FLAMBOYANT owner Allan Endresz has revealed it was the insistence of connections which led to Alligator Blood undergoing a vet examination that discovered his star galloper requires back surgery.
Trainer David Vandyke informed both QRIC and Racing NSW stewards on Friday that scans had revealed a degenerative back condition which is commonly referred to as kissing spines.
A common injury with gallopers, most horses make a full recovery after treatment.
However, Alligator Blood is expected to be on the sidelines for at least four months and is unlikely to race over the autumn carnival.
Alligator Blood raced three times over the spring.
The son of All Too Hard was beaten as favourite when resuming at Doomben over the unsuitable distance of 1110m.
He then bungled the start in the Silver Eagle at Randwick before finishing runner-up.
Alligator Blood then failed to fire in the $7.5 million Golden Eagle on October 31 which was run on a heavy 9.
Endresz said he suspected Alligator Blood was carrying some sort of injury all preparation.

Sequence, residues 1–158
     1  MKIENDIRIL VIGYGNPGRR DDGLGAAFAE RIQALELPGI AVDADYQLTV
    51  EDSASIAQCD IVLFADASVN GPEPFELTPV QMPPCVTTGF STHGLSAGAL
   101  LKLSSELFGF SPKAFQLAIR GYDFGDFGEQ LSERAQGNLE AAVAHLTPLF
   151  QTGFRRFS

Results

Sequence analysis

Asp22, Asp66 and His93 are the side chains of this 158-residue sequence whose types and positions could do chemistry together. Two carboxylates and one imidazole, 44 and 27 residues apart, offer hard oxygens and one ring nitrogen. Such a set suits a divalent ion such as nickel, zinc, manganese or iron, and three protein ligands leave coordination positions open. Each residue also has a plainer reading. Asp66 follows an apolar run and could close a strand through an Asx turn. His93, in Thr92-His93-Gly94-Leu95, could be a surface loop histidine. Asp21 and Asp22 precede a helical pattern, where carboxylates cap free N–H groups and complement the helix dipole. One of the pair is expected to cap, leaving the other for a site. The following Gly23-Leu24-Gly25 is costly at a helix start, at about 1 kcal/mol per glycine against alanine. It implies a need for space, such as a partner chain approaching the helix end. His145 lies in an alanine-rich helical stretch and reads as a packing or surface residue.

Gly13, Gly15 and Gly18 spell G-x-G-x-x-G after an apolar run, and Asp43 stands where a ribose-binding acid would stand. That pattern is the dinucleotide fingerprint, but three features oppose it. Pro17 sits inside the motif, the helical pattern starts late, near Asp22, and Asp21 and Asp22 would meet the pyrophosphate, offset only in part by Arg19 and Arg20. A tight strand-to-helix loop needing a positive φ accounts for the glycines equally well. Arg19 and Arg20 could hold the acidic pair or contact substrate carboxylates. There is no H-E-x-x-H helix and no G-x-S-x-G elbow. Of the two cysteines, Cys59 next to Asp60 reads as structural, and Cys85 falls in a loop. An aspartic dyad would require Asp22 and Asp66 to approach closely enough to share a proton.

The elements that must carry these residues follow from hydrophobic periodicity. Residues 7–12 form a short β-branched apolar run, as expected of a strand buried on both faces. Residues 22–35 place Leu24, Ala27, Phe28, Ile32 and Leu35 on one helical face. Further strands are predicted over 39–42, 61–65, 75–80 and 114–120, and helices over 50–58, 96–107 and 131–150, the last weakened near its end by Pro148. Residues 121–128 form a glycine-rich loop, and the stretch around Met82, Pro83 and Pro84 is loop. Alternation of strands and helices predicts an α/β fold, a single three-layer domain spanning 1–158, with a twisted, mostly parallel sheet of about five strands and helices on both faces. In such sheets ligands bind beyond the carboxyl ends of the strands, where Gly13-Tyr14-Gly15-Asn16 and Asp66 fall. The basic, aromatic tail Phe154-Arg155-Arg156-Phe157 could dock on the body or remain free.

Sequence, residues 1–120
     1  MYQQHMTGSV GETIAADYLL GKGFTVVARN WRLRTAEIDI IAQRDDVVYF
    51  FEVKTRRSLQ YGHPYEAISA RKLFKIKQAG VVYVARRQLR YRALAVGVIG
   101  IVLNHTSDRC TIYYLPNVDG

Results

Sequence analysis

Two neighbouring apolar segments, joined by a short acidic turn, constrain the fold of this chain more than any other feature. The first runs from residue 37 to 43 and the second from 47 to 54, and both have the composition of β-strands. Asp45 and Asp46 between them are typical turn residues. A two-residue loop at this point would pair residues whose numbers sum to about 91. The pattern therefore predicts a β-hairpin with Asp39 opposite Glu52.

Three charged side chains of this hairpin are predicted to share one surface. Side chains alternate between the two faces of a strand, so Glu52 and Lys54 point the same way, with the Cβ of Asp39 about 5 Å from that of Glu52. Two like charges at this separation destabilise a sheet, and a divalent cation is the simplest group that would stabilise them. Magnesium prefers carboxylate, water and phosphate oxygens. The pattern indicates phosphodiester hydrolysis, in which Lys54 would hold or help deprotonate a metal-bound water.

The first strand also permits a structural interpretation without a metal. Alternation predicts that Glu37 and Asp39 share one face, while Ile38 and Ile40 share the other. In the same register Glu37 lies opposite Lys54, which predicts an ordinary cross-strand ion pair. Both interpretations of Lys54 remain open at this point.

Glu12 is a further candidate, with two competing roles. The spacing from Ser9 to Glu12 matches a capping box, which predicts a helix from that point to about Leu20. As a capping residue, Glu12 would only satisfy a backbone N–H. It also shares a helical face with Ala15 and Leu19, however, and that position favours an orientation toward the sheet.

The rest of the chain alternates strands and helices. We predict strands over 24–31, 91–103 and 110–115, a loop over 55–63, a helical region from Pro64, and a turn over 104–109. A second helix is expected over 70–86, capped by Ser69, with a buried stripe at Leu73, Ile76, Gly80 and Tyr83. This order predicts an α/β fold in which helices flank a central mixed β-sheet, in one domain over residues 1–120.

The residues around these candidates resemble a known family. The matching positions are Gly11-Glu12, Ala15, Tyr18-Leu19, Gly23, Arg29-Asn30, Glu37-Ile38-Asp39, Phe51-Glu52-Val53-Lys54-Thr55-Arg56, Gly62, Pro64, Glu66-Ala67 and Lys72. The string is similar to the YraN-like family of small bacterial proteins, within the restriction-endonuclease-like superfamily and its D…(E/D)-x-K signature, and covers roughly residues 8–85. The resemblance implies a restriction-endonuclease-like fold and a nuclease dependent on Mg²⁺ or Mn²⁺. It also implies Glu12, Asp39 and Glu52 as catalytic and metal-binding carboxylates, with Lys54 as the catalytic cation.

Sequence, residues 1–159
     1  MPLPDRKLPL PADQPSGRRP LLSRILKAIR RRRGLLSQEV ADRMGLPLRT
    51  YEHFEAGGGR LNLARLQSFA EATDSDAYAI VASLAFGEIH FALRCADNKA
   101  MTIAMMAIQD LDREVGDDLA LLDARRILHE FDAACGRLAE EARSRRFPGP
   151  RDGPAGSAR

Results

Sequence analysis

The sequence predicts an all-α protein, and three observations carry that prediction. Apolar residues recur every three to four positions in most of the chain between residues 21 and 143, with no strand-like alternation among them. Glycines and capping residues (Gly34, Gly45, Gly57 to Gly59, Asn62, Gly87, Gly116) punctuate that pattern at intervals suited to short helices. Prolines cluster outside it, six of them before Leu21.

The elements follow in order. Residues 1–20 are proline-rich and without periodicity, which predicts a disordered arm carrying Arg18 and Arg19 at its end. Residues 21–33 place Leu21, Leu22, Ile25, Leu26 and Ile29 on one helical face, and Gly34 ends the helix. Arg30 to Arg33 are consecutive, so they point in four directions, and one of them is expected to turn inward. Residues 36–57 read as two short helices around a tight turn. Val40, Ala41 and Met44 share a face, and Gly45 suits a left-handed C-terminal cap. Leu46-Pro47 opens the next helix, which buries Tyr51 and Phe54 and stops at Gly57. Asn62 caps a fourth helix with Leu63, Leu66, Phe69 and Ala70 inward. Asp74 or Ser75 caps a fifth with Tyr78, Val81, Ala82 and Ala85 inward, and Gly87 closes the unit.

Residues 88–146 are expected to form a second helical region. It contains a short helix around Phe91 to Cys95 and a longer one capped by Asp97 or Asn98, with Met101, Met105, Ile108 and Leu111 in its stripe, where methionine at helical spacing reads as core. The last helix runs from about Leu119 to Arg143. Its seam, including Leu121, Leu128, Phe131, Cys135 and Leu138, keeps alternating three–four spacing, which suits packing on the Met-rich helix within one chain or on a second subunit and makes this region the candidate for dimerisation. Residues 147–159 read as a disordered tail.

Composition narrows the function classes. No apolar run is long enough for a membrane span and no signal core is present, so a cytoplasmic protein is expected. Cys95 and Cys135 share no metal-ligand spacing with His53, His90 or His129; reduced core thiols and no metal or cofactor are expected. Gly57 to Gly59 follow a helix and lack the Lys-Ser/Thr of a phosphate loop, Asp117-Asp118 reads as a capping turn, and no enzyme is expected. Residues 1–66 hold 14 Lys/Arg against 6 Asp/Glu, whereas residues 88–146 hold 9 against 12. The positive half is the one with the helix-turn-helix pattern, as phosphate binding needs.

"David thought there was more of an issue with his attitude and mindset," Endresz said.
"But my uncle Jeff, aunty Robyn and myself weren't convinced of that.
"A lot of people were quick to blame the heavy track for his failure in the Golden Eagle.
"But jockey Ryan Maloney said he seemed to be travelling well in the race until the 800m mark.
"When the gap presented, 'Al' just didn't show that trademark explosive turn of foot that we all have become accustomed to.
"We just thought there wasn't something right physically with the horse."
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Endresz said he first suspected there was something amiss with Alligator Blood after watching a replay of the Silver Eagle.
"We honestly thought after the Silver Eagle that with his action, it looked like he was compensating for some sort of injury," he said.
"After the Golden Eagle we insisted that he be sent to Gatton campus of the University of Queensland for a thorough check-up from the vets.
"And sure enough he has got what is commonly known as kissing spine.
"I'm just glad that we got to the bottom of it opposed to tipping him out for a freshen-up and then seeing how the horse came back.
"I knew there had to be a reason he wasn't the same 'Al' as he was as a three-year-old.
"The best news is most horses make a fully recovery after treatment."
Endresz said the Cox Plate was a likely target next year.
Stablemate Wolf Moon who won his only start as a two-year-old is close to resuming from a spell.